How did you cope with the fact that only one team would make it to the final round?

It's really hard. It's that thing where, because we're all on this adventure together, you know that you want everybody to win, right? But at the same time, what you see is that people were just really happy to be there. I gotta tell you -- it can be hard to describe this -- the contestants loved wearing their shirts, because the shirts were iconic. They reminded them of childhood right? So even when they lost, there were contestants that were very happy that they were wearing the Blue Barracuda T-shirt, that they were wearing the Red Jaguar T-shirts.

That's when you realize, again, it represented so much more than actually winning the challenge. That's one thing I've learned. Like I said, I still keep in touch with contestants now! The contestants, they'll tell you they were just so excited, looking back, to just even be on it! They love it. They're throwing parties to show off that they were in it, which makes me happy.

Infamously, the Purple Parrots was always considered the worst team on the show. Is the reboot a little more balanced, in terms of winning teams?

Yes, it is. I will say that, you know, people think that they have their favorites. One thing about this show, just in general, is that sometimes the teams that you think are going to be the favorites or the best might be overshadowed by somebody else. That's part of the fun of the show, is that it's not necessarily this -- you're right! Back in the day, there were certain teams that you knew, "Oh, they're probably going to go all the way." This season, you really don't know, and that's what makes it cool.

What I love about the show, too, is that when you watch it, you feel like you have a chance of doing it too, because it's a little variety of how to be good at the show. You don't have to be super athletic. You have to be able to answer questions about the legend. It's very diverse. I always say you have to be determined. That's how you get ahead in this case. The determination beats everything else.

How will we see the challenges and the stories evolve as the season continues?

I'll say this about the physical challenges. I think that one thing that we did a really great job on is we kept the elements in the spirit of the original show for kids; we just made it for adults... The round after the Steps of Knowledge, when the teams go head-to-head in the physical challenges, the challenges themselves, when you see what they have to do, there's a lot of very kid-like skills, actions, movements that you'll see and just really enjoy them, because they're adults doing them.

I think that, for some reason, we think that -- as adults -- everything has to be so polished and very difficult or high tech or whatever it is, especially in the time that we live in now. Sometimes you realize that the classic challenges of having to maybe fill a bucket is really hard! [laughs] I think it'll be a really cool surprise for people.

What was your "pinch me" moment on the series? The one that made you go, "I can't believe I'm doing this!"?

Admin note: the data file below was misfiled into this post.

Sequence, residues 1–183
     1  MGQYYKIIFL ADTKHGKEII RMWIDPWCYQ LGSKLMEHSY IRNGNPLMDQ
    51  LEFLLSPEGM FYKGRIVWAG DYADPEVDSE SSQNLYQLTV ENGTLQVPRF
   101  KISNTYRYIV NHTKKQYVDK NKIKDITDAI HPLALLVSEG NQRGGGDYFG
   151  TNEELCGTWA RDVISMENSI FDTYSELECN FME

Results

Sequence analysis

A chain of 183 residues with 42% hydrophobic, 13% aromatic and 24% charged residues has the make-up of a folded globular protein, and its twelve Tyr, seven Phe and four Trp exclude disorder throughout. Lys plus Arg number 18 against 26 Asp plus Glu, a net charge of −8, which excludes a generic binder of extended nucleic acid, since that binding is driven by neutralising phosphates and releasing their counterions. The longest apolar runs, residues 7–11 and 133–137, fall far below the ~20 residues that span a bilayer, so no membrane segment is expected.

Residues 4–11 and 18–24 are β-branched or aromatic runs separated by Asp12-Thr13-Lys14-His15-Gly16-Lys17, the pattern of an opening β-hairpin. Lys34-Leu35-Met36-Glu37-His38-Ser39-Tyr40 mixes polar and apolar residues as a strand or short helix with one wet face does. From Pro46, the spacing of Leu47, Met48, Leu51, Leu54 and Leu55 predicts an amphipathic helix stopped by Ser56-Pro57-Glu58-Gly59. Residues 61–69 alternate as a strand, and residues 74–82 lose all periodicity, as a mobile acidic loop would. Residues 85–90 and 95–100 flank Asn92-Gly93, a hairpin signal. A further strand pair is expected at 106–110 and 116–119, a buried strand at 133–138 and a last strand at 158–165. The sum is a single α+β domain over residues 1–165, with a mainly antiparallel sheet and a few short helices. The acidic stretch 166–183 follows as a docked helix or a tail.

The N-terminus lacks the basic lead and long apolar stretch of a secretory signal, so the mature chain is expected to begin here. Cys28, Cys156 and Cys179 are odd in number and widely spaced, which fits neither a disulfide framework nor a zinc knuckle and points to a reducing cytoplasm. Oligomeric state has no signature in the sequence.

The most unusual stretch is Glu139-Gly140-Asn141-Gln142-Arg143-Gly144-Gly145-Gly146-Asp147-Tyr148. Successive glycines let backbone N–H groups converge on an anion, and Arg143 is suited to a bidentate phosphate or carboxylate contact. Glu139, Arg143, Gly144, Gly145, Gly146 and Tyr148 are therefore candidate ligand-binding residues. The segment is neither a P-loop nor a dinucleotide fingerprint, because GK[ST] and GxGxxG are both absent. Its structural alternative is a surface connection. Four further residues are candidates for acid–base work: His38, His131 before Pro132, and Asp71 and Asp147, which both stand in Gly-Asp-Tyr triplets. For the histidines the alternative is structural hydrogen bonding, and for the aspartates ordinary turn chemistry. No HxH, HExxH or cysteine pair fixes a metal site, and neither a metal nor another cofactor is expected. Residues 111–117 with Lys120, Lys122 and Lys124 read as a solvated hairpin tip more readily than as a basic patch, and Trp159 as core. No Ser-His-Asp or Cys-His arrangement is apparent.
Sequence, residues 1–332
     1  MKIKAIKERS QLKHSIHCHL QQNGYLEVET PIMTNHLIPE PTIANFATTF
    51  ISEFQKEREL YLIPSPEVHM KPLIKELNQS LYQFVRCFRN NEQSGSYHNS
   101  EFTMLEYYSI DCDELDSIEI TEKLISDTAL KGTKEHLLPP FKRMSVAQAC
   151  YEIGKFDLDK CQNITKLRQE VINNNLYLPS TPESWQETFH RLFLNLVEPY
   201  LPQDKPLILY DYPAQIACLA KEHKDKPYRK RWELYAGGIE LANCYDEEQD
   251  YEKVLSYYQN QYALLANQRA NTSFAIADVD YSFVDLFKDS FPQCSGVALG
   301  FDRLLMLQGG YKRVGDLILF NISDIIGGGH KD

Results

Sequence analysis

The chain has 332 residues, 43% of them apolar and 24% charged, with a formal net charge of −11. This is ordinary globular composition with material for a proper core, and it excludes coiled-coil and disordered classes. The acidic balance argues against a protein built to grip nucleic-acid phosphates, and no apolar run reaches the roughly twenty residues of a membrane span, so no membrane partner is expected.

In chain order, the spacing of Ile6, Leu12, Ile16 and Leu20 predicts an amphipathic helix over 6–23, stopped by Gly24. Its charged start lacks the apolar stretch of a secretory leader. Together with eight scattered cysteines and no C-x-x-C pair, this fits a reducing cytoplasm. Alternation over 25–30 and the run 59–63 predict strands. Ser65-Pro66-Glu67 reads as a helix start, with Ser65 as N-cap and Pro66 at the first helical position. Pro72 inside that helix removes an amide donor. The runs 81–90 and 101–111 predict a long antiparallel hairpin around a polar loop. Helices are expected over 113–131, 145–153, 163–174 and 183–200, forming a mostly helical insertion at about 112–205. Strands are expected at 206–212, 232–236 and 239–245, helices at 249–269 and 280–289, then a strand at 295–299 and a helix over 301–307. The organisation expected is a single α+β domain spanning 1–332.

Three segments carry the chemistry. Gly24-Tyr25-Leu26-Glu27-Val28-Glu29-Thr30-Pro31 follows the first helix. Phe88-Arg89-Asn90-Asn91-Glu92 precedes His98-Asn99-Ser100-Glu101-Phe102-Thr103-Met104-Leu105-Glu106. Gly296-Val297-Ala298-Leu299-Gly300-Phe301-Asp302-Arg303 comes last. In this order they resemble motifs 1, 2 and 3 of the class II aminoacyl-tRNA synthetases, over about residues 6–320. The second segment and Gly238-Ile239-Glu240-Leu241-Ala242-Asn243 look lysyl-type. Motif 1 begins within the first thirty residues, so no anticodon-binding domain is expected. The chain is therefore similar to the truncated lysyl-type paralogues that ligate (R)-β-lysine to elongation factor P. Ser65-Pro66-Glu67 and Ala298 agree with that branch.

There's gonna be two things I'll say. I say two, because one I really can't say. I'll say that, if you watch the original show, there are Easter eggs in the show that will really excite you. So if you know the original, you'll love these Easter eggs. So that's all I can say about that.

Second thing: the Temple Guards. Honestly, look, the Temple Guards scared the bejesus out of me when I was a kid, right? Obviously, you know they're there! You know the Temple Guards are the Temple Guards. You know what they're there to do! Let me tell you, they're terrifying! I was surprised at how scared I was and I knew they were the Temple Guards! It's one of those things where you suspend disbelief and you're in that moment, and you're like, [gasp] "The Temple Guards! And I don't have a Pendant of Life on me!"

What is one thing you cannot wait for fans of the old series to see?

One of the coolest things that I think people will love, if you watched the old one, is that there is almost like a throwback element that you will see in one of the episodes that is so cool that when you see it, you're like, "No way this is real!" It's one of those things that, again, if you see it, it all ties up nicely in a little bow that I think fans of the show will love. Absolutely love!

The CW's Legends of the Hidden Temple reboot premieres Sunday, Oct. 10 at 8 pm ET/PT.


Relive Legends Of The Hidden Temple As An Adult On The CW Network

Cristela Alonzo, who is a writer, producer, actor and comedian, joined Studio 512 Co-Host Rosie Newberry to talk about the new show “Legends of the Hidden Temple” that she is hosting, which is set to premiere October 10 on The CW Network.

“Hosted by Cristela Alonzo, the 2021 adult version of ‘Legends of the Hidden Temple’ is taken out of a studio and into a ‘jungle,’ and scaled up with tougher challenges and a much bigger prize on the line — $25,000. It preserves the original Nickelodeon series’ favorite elements including ‘Olmec’ (the giant talking stone head) voiced by Dee Bradley Baker, the original voice and puppeteer, the ‘Moat Crossing,’ ‘The Steps of Knowledge,’ ‘The Temple Games,’ the ‘Temple Run,’ and of course, the iconic team names: ‘Purple Parrots,’ ‘Blue Barracudas,’ ‘Orange Iguanas,’ ‘Red Jaguars,’ ‘Silver Snakes’ and ‘Green Monkeys.'”